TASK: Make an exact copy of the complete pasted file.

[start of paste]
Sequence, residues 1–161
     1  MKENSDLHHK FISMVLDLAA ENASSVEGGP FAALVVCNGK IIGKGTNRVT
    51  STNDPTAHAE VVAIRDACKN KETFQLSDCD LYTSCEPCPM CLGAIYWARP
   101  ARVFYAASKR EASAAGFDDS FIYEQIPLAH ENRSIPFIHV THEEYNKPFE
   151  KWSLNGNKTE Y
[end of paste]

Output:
Sequence, residues 1–161
     1  MKENSDLHHK FISMVLDLAA ENASSVEGGP FAALVVCNGK IIGKGTNRVT
    51  STNDPTAHAE VVAIRDACKN KETFQLSDCD LYTSCEPCPM CLGAIYWARP
   101  ARVFYAASKR EASAAGFDDS FIYEQIPLAH ENRSIPFIHV THEEYNKPFE
   151  KWSLNGNKTE Y